mon 20/01/2020

playwrights

Snowflake, Kiln Theatre review - strong but clumsy generational war

The prolific Mike Bartlett – from whose pen have leapt television series such as Doctor Foster and Press, as well as stage hits such as King Charles III – has two things to celebrate tonight. On ITV his new three-part psychological drama, Sticks and...

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A Kind of People, Royal Court review - multiculturalism falls apart

The trouble with prejudice is that you can't control how other people see you. At the start of her career, playwright Gurpreet Kaur Bhatti's work was set in her own Sikh community. But, like other playwrights from similar backgrounds, she has tended...

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The Wind of Heaven, Finborough Theatre review - a welcome, if strange, Emlyn Williams rediscovery

This is the third Emlyn Williams piece to be presented here in a decade: The Druid's Rest in 2009 was followed by the enormous success of Accolade, directed by Blanche McIntyre, two years later.If it's a truism that neglected plays may well have...

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The Arrival, Bush Theatre review - boys will definitely be boys

Family dramas are a staple of British new writing, but as well as talking about our nearest and dearest, can they also say something about the wider society? The Arrival, by director turned playwright Bijan Sheibani, who won an Olivier award for...

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Sydney & the Old Girl, Park Theatre review - black comedy too melodramatic

Actor Miriam Margolyes is a phenomenon. Not only has this Dickensian starred in high-profile shows both here and in Australia, a country whose citizenship she took up in 2013, but she is also Professor Sprout in the Harry Potter films. And a...

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First Person: Simon Stephens - the contemplation of kindness

Light Falls is the sixth play that I have written for the Royal Exchange theatre in Manchester and the fourth that its outgoing Artistic Director, Sarah Frankcom, will direct.She directed On the Shore of the Wide World, Punk Rock and Blindsided. In...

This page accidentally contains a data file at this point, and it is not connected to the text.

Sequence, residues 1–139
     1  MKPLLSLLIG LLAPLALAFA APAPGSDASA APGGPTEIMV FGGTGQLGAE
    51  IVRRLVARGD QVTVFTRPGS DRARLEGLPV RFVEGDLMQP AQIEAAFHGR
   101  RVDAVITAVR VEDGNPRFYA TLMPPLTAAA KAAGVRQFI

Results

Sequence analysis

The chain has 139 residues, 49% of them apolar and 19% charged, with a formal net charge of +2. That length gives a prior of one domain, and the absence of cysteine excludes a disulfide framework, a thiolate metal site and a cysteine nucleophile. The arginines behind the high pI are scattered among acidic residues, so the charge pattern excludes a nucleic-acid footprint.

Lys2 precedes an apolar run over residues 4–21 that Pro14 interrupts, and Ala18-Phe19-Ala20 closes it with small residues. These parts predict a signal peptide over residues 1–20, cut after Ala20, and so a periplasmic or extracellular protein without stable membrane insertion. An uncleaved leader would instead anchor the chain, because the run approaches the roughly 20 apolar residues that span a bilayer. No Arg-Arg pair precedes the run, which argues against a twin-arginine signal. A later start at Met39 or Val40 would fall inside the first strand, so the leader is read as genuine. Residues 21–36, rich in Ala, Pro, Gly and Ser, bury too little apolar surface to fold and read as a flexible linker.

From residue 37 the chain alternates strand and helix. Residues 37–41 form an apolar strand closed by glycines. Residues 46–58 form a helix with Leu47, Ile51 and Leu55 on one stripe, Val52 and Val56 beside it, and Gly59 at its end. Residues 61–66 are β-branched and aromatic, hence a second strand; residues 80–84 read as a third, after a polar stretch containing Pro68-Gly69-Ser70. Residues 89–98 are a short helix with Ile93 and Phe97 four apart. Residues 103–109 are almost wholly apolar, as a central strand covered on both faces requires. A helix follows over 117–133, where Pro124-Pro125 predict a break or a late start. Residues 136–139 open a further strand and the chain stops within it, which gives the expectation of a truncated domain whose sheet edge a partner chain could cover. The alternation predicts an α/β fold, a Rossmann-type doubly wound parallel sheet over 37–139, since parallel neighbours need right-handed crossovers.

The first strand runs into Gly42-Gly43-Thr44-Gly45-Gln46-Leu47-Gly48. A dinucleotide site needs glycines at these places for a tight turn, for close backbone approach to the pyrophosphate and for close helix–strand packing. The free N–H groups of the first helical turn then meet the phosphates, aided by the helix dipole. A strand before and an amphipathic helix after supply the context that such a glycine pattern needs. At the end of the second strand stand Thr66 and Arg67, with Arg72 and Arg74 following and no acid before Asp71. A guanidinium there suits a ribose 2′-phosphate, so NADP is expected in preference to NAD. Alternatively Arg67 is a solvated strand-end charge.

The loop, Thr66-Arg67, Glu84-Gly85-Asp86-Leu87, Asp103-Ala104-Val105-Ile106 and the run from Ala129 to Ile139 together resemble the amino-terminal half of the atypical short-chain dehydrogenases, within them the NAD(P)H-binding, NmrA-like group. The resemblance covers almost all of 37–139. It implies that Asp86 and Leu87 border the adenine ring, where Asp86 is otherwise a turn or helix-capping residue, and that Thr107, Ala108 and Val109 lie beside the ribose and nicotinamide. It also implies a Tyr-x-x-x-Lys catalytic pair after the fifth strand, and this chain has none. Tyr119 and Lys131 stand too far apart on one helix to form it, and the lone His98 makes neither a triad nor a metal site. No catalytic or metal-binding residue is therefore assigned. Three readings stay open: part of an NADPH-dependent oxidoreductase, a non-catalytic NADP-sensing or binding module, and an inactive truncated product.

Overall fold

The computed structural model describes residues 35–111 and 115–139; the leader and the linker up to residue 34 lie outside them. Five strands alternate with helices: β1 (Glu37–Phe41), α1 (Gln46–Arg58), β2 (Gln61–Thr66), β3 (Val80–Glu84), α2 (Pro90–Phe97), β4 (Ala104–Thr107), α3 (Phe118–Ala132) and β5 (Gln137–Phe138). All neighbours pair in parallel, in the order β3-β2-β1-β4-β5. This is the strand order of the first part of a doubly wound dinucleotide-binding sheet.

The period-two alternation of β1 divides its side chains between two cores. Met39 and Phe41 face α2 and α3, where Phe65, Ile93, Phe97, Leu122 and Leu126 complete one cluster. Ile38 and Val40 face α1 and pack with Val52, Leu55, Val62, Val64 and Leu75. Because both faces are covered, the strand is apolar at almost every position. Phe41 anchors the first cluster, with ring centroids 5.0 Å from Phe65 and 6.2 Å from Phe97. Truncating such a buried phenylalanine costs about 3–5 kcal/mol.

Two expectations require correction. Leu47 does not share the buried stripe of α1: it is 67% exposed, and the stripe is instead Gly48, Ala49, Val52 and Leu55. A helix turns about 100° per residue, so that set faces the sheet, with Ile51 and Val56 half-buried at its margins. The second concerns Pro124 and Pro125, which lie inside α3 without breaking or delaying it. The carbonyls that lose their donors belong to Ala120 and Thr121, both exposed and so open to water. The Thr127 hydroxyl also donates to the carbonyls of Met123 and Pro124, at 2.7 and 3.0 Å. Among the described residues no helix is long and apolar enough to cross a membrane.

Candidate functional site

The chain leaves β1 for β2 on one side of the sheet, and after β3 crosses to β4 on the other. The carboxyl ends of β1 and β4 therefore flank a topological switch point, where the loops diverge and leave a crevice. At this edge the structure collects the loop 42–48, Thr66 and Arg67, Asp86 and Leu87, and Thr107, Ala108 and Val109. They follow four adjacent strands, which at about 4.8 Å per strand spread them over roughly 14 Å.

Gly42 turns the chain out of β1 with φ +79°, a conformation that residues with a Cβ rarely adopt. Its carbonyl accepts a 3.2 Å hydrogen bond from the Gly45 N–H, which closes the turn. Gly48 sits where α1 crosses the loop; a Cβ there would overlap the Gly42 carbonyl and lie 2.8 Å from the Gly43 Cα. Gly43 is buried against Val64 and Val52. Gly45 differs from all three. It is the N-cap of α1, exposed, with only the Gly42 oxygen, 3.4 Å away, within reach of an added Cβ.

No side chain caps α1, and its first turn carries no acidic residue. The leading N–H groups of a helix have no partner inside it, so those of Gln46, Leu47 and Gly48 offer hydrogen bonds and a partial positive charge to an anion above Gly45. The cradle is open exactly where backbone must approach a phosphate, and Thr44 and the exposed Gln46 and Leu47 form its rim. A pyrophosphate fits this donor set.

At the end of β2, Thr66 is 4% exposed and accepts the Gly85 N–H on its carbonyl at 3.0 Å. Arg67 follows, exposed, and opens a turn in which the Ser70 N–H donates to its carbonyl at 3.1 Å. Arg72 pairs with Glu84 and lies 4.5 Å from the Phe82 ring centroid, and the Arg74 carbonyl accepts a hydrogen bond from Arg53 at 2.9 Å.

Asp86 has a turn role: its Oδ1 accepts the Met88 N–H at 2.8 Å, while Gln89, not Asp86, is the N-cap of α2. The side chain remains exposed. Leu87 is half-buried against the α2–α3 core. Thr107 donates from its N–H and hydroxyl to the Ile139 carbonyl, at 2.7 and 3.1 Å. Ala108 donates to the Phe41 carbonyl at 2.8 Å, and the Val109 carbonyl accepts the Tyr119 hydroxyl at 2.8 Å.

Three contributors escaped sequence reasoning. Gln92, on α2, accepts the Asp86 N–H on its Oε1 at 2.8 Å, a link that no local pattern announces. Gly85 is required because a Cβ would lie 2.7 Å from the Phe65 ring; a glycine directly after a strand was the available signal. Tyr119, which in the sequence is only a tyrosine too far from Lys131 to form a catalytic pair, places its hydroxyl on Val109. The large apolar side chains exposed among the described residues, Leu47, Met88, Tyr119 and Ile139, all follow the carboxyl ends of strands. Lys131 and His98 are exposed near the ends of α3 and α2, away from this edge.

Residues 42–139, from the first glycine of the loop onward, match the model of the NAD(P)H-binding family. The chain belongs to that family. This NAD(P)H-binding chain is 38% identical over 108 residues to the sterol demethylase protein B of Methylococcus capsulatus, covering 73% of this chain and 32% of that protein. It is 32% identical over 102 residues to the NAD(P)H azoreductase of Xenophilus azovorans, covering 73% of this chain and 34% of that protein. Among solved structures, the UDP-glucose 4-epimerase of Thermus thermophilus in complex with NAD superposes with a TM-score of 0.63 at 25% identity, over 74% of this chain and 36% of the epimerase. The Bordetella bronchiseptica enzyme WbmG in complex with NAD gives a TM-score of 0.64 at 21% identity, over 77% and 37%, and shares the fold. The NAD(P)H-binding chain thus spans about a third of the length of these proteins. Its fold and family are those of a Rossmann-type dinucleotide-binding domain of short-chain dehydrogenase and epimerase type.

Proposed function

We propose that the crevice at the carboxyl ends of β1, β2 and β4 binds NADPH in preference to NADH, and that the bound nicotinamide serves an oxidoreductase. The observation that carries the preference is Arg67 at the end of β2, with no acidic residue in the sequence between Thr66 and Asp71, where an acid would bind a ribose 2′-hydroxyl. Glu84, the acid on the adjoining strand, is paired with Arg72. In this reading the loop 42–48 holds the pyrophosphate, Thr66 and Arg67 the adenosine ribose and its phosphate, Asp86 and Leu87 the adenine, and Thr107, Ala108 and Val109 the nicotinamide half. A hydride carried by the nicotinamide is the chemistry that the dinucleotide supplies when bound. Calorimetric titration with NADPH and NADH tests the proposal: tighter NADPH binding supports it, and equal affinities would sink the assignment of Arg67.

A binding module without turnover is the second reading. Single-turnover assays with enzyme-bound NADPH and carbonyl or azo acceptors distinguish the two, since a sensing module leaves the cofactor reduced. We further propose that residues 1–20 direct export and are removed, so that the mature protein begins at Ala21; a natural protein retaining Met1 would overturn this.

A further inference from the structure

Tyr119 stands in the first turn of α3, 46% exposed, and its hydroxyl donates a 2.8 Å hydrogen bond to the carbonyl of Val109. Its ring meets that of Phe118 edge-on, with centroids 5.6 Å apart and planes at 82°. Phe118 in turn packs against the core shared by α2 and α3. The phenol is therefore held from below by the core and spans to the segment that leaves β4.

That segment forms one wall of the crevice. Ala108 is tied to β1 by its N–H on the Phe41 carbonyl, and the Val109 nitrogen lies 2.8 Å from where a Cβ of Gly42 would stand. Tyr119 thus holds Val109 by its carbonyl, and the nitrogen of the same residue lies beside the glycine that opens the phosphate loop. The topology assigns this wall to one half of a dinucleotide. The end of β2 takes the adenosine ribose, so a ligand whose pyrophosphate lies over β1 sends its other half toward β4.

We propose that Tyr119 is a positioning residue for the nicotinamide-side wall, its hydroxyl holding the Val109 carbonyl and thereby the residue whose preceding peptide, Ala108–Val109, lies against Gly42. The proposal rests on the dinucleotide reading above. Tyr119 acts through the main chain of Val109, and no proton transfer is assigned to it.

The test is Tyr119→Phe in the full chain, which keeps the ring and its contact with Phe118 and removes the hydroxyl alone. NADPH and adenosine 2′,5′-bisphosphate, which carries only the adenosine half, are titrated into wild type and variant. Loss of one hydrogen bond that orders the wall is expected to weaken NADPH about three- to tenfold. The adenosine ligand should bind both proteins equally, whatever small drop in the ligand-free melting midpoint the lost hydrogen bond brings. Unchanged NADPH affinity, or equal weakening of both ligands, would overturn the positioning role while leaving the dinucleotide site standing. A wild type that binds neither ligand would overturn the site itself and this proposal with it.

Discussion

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First Person: Hannah Khalil on museum as metaphor in her new play for the RSC

It all started in 2009 in the National Portrait Gallery. I’d had a meeting nearby so popped in to get a cuppa and stare at the beautiful rooftop view of London from their top-floor café, but a picture caught my eye. It was part of an exhibition of...

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[Blank], Donmar Warehouse review - strong but dispiriting

Clean Break, the theatre company that specialises in working with women in the criminal justice system, is doing a lot of celebrating. It's the 40th anniversary of this unique female organisation and already this year they have put on a variety of...

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A History of Water in the Middle East, Royal Court review - feminist dreams and passions

Sabrina Mahfouz is a British-Egyptian writer who has explored issues of Muslim and British identity in various formats. Her work includes poetry, fiction, anthologies and performances, as well as plays. And she's pretty prolific. Since her Dry Ice...

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Baby Reindeer, Bush Theatre review - break, break, breaking Gadd

True stories, even in a fictional form, have the power to grip you by the throat, furiously shake your body and then give you a parting kick in the arse. This is certainly true of stand-up comedian Richard Gadd's Baby Reindeer, a blistering...

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A Day in the Death of Joe Egg, Trafalgar Studios review - tragi-comic masterpiece

Playwright Peter Nichols died aged 92 last month, just before the opening of this starry West End revival of his most celebrated masterpiece. A Day in the Death of Joe Egg (1967) is based on his own family experience of bringing up his disabled...

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Glass. Kill. Bluebeard. Imp., Royal Court review - still experimental after all these years

At the age of 81, Caryl Churchill, Britain's greatest living playwright, is still going strong. Her latest is a typically imaginative quartet of short plays. Each of them is vividly distinct, being linguistically agile, theatrically pleasurable and...

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